Venezuela’s oil production continues to plummet, and some of the dire production scenarios for the South American nation are no longer looking as remote as they once were.
OPEC compliance remained elevated in January, halting a slide in oil prices even as new data reveals soaring production growth from U.S. shale. OPEC compliance hit 138 percent in January, essentially the same as December. Nigeria and Saudi Arabia actually raised their oil production levels in January from a month earlier. But the reason that OPEC was able to avoid a slide in its compliance rate is that Venezuela continues to see its production base erode at a rapid clip.
The reasons for the decline are the same as they have been for quite a while: an economic crisis that is only worsening, no cash for investment or even maintenance, a debt crisis, U.S. sanctions, the politicization of PDVSA and a brain drain from the company. “Unfortunately, these factors are not going away, which means Venezuela’s output and political situation will likely remain in a downward spiral during 2018,” Barclays analysts wrote in a research note.
The investment bank predicts that Venezuela’s oil production will average 1.43 million barrels per day (mb/d) in 2018, a shocking decline of roughly 700,000 bpd from the 2017 average. In the second half of 2018, output averages just 1.35 mb/d.
The situation is compounded by a spiraling debt crisis. For years, Venezuela and PDVSA have prioritized meeting bond payments pretty much above all else, even a worsening humanitarian crisis playing out in the streets. People go hungry, want for basic items, and die in hospitals that lack medicine. Yet creditors continued to be paid, at least up until a few months ago. The fear has been that once PDVSA defaults on major bond payments, creditors could go after oil assets around the world that would make the situation much worse for the country.
As such, Venezuela could try to continue to pay creditors what it can. The problem, however, is that the government is fighting on too many fronts. Because it has no cash to even fund the most basic maintenance at its oil fields and refineries, production is now in steep decline. That will make its cash situation even worse with each passing day, which in turn will make meeting debt payments more difficult. “[I]f production continues to fall at the recent accelerated pace, the government’s runway to pay upcoming obligations will be severely shortened,” Barclays analysts wrote.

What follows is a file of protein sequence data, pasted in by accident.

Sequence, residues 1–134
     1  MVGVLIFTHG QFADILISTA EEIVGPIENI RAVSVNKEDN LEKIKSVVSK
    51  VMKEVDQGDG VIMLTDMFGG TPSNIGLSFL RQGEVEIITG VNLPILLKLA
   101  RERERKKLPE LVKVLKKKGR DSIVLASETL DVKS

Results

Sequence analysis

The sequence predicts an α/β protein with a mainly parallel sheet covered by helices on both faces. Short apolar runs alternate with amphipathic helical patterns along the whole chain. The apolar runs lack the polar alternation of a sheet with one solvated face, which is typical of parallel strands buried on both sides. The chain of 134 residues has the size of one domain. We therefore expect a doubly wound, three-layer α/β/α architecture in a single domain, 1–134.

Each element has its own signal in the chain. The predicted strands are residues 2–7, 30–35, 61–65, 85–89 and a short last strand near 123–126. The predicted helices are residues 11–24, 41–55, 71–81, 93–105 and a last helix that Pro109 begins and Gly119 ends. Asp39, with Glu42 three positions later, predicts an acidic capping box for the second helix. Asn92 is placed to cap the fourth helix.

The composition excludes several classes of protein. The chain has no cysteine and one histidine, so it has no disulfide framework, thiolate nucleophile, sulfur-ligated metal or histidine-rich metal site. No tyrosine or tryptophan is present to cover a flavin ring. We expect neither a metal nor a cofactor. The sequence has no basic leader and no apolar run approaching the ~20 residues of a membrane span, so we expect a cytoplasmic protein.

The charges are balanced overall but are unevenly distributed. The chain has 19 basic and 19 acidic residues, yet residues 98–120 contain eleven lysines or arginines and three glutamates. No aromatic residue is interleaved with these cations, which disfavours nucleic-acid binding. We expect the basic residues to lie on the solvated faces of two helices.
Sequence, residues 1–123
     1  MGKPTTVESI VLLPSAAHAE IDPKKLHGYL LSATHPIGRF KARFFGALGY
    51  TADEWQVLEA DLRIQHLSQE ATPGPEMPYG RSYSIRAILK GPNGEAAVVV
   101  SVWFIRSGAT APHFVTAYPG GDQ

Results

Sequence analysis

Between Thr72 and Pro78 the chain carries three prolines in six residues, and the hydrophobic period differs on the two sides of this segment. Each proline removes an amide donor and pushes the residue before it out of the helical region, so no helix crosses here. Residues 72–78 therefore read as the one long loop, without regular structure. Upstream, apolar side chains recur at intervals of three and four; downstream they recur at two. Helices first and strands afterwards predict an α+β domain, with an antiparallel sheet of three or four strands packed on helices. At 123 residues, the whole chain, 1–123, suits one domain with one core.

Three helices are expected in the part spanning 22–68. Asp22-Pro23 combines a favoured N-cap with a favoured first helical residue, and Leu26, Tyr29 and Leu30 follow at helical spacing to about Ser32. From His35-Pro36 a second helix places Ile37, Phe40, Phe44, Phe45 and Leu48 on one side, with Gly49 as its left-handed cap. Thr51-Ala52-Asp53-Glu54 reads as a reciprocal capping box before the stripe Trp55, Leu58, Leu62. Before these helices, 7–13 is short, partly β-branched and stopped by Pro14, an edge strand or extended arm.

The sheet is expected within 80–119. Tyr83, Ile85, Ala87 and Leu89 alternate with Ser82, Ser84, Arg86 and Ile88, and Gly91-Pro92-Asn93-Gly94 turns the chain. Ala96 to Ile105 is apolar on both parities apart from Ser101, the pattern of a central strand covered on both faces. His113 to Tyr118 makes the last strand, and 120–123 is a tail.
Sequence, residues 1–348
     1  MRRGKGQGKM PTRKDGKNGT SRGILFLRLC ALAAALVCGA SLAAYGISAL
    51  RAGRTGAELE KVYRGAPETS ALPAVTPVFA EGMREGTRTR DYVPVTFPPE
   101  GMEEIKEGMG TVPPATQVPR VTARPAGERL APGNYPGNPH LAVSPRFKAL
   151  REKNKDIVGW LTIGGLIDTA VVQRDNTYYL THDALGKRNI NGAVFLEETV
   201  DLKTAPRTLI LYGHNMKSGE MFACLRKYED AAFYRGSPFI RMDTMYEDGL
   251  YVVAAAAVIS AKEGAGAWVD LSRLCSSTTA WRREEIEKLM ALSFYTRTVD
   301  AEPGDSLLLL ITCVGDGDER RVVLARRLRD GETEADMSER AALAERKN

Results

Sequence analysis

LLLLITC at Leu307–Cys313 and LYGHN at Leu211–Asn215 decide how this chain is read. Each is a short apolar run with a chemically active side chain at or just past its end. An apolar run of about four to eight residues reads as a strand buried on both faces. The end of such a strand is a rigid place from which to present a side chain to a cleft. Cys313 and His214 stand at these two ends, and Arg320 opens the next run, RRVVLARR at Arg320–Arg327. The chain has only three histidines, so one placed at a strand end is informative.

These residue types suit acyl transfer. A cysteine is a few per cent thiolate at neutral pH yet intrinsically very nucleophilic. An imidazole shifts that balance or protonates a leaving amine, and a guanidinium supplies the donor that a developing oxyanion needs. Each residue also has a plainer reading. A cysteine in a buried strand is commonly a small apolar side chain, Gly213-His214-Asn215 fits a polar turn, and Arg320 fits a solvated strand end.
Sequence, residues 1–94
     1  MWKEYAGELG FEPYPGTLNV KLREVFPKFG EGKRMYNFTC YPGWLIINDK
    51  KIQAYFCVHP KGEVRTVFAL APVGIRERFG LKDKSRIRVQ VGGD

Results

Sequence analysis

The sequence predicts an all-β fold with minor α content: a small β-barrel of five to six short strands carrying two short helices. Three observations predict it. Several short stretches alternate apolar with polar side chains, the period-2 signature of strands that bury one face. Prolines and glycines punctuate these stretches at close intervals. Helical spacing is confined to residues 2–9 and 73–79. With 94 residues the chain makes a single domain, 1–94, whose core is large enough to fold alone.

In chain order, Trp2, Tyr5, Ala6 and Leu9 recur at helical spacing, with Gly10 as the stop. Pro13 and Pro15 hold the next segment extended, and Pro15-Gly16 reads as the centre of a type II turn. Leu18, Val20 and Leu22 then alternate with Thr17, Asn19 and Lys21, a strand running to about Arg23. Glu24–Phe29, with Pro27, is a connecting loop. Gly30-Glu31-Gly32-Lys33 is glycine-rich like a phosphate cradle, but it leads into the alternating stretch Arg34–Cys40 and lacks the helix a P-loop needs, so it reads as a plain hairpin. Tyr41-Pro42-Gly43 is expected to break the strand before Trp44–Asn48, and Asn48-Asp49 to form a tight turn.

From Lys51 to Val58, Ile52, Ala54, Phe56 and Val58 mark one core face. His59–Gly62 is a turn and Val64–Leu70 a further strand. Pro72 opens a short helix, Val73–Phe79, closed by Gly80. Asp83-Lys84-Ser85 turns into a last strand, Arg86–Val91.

The only way the situation can be reversed, Barclays says, is a change of government. “We believe sustainably growing output would likely require a combination of the following: a regime change, FX reforms, adjustments to fiscal terms, changes to PDVSA’s equity mandate, and higher oil prices,” Barclays wrote. That is a serious set of circumstances that is unlikely to play out anytime soon. So, the declines continue.
The accelerated decline in the fourth quarter suggests that actual shut-ins could be occurring, Barclays says, but data and intel on what’s taking place at the ground level is hard to come by.
Still, while the situation for Venezuela’s oil industry is dreadful, much of the declines that Barclays is forecasting have already happened. The bank’s headline figure of a loss of 700,000 bpd from Venezuela this year is based on the 2017 average (2.18 mb/d), not what the country produced at the end of the year (around 1.6-1.75 mb/d). In other words, if Venezuela can exit 2018 at about 1.35 mb/d or a little below, the 2018 losses, at least in the global context, wouldn’t be that massive.
On the other hand, Barclays noted that there is some downside risk to even this dire forecast. There is a “possibility of a sharper decline due to the creditors’ decision to attach assets, accelerated debt payments, or a further escalation of political tensions,” the bank said. “In the event of a sudden, significant supply disruption (1-1.5 mb/d), we would expect prices to rally 5–10 percent over the near term, though a sustained outage could strengthen prices further.” However, any sudden loss of such a great magnitude would likely prompt higher production from OPEC in order to prevent a painful price spike.
No matter how you slice it, Venezuela’s oil production is heading south. The uncertainty is around how bad it will be.
By Nick Cunningham of Oilprice.com